How to Celebrate Hispanic Heritage Month
September 15 to October 15 is National Hispanic Heritage Month in the United States. This special month celebrates the culture, achievements and contributions of Hispanic Americans. Here are some ways to celebrate. Read on to find out more. This month is also known as Hispanic Heritage Day. To mark this important occasion, you can visit a local Latino museum to learn more about the culture, history and contributions of Hispanics.
September 15th celebrates the independence of the Latin American nations. El Salvador, Guatemala, Honduras, Nicaragua, Costa Rica, and Panama celebrate on this day. In the United States, Mexico and Chile celebrate their independence on September 16 and 18, respectively. Belize and El Salvador declared their independence on September 21. As the Hispanic population grows, the U.S. has more Latinos. As of the 2010 US Census, there were 62.1 million people of Hispanic descent, making up 18% of the population.
The number of Hispanics in the U.S. is declining, though the percentage of immigrants has gone up. The number of Hispanic immigrants has gone from 18.0 million to 19.8 million. Yet, the percentage of Latinos who are U.S. born has increased. In fact, the share of immigrants has halved from 40 percent to 33 percent, with a significant increase in Latino-born population.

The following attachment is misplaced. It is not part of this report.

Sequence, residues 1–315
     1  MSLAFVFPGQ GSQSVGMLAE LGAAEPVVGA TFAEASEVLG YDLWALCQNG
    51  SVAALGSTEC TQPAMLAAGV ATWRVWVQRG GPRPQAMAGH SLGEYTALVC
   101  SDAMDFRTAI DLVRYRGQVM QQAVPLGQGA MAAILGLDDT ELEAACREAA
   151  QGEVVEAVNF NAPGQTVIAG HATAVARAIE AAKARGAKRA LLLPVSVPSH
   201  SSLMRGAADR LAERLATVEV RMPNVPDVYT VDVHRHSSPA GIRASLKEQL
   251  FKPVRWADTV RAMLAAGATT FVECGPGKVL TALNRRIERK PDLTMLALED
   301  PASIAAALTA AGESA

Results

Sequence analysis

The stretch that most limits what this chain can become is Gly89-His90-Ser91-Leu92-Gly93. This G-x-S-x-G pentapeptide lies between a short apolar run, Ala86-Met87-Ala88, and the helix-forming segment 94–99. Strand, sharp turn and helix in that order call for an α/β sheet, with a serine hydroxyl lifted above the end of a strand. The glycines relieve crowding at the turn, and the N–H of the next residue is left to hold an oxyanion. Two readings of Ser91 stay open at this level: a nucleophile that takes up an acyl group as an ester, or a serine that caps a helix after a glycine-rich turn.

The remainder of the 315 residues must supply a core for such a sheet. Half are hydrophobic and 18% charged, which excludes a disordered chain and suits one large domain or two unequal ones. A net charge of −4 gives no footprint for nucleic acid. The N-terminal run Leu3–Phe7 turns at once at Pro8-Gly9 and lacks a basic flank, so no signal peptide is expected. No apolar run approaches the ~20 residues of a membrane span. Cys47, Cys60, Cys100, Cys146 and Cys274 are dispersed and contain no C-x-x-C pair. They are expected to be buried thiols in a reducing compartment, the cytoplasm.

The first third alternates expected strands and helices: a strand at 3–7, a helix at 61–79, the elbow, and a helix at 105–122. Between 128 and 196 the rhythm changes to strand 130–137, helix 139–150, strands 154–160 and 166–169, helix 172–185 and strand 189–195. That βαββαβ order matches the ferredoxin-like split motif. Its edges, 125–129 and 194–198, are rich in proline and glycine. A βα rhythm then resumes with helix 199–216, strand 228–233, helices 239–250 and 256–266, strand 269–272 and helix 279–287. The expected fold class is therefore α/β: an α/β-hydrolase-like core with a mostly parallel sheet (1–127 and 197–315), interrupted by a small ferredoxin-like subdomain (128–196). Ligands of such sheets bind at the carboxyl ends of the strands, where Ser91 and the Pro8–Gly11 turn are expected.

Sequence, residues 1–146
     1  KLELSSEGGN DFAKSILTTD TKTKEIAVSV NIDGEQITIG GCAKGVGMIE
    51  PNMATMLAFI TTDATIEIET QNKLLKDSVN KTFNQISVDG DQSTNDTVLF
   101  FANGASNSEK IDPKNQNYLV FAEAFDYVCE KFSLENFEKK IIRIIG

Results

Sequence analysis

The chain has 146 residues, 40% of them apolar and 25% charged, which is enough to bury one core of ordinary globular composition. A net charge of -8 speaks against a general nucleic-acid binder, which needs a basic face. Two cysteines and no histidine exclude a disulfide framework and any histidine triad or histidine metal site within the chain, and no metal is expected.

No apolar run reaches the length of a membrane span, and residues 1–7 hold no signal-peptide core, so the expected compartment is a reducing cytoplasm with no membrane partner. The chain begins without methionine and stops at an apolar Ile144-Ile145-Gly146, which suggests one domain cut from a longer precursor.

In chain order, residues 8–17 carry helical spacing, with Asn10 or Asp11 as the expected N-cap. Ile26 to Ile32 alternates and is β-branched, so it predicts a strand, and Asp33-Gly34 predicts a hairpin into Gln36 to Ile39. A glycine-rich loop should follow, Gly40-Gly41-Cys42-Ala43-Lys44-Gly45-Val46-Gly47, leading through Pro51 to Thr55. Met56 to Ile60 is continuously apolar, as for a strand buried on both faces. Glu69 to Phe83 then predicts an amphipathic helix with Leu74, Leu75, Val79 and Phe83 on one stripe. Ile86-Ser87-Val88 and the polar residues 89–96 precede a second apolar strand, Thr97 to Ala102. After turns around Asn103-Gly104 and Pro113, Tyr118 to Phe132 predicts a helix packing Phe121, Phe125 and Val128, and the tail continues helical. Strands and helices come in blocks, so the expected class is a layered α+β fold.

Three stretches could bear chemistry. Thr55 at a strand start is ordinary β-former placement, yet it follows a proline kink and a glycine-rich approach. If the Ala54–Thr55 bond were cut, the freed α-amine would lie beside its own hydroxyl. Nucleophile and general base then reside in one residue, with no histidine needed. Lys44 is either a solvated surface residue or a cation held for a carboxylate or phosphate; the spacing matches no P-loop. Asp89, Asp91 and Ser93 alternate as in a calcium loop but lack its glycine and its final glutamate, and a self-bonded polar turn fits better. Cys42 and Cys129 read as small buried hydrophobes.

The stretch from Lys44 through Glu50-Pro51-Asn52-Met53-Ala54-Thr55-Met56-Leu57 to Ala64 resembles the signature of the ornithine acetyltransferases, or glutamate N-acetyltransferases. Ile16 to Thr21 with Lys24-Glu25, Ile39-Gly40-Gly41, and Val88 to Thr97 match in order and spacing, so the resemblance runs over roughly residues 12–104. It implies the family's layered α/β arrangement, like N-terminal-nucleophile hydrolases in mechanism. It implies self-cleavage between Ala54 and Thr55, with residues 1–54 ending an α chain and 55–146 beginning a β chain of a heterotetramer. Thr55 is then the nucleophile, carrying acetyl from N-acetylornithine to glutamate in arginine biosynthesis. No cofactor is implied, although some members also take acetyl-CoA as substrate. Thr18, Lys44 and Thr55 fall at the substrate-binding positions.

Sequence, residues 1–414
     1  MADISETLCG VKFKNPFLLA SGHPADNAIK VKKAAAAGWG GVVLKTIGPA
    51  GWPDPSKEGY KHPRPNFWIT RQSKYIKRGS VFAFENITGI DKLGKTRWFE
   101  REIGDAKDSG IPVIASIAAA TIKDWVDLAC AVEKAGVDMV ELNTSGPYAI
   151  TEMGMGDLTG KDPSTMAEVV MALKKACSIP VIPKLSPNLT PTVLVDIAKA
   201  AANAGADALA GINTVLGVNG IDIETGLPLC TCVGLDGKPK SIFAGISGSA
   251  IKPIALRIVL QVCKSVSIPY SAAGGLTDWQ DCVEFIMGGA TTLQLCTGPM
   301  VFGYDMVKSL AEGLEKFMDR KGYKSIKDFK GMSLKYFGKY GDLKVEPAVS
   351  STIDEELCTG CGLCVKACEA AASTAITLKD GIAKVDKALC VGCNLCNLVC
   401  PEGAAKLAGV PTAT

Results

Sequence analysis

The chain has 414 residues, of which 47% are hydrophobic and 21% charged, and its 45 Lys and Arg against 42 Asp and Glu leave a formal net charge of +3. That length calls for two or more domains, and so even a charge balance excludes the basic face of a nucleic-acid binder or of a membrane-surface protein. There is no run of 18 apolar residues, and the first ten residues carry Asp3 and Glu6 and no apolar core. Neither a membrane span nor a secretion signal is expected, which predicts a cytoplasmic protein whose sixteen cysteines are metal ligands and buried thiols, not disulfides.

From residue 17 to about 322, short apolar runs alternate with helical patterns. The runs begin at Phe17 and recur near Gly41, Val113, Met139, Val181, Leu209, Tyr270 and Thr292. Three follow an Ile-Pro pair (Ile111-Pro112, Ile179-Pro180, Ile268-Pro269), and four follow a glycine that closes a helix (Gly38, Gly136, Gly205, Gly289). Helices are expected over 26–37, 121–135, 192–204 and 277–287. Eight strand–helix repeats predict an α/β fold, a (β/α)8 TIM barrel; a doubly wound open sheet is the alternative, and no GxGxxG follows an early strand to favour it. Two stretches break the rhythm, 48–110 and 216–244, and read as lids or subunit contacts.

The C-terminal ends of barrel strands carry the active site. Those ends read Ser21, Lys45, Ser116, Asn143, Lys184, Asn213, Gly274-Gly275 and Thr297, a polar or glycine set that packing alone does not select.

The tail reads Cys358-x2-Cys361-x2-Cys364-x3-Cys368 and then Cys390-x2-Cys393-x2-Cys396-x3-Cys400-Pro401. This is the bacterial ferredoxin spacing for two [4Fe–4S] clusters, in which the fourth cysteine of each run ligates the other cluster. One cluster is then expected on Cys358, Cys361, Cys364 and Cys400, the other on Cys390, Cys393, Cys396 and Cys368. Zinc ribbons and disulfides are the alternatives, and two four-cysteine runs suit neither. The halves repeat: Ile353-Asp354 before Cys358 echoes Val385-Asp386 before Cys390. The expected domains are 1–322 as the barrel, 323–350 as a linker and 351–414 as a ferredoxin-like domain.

The U.S. Hispanic population is growing rapidly, with the number of Hispanics predicted to reach a record 62.1 million by 2020. Hispanics make up 18.7% of the population. To honor this cultural heritage, you can donate to Hispanic organizations, eat food from Hispanic countries and honor some influential Hispanics. If you want to learn more about the culture, check out the websites below.
According to the Pew Research Center, more than five million people in the U.S. do not identify as Hispanic. The number of Hispanic immigrants has increased by nearly a half million since 1990. The percentage of Hispanic immigrants has also increased in the past year, from 18.8 million to 19.8 million. In contrast, the number of Latinos who are U.S.-born has increased by four million from the previous year.
The federal definition of “Hispanic” includes people with ancestry from the Philippines, Brazil, and Portugal. However, most immigrants to the U.S. do not identify as Hispanic when filling out the census. They may not identify as Hispanic because they do not fit the definition of “Hispanic” in federal terms. Nonetheless, the majority of Hispanics in the U.S. are proud of their heritage.
In addition to celebrating Hispanic American heritage, the month celebrates the contributions of many champions. In the 1980s, Hispanic heritage was a weeklong event. President Lyndon Johnson declared it Hispanic Heritage Week. In 1988, it was expanded to a month-long celebration. In the 1990s, the number of Hispanics in the U.S. was more than 6.5 million. While Hispanics were the largest in the 1970s, immigrants came from several countries in Europe and North America.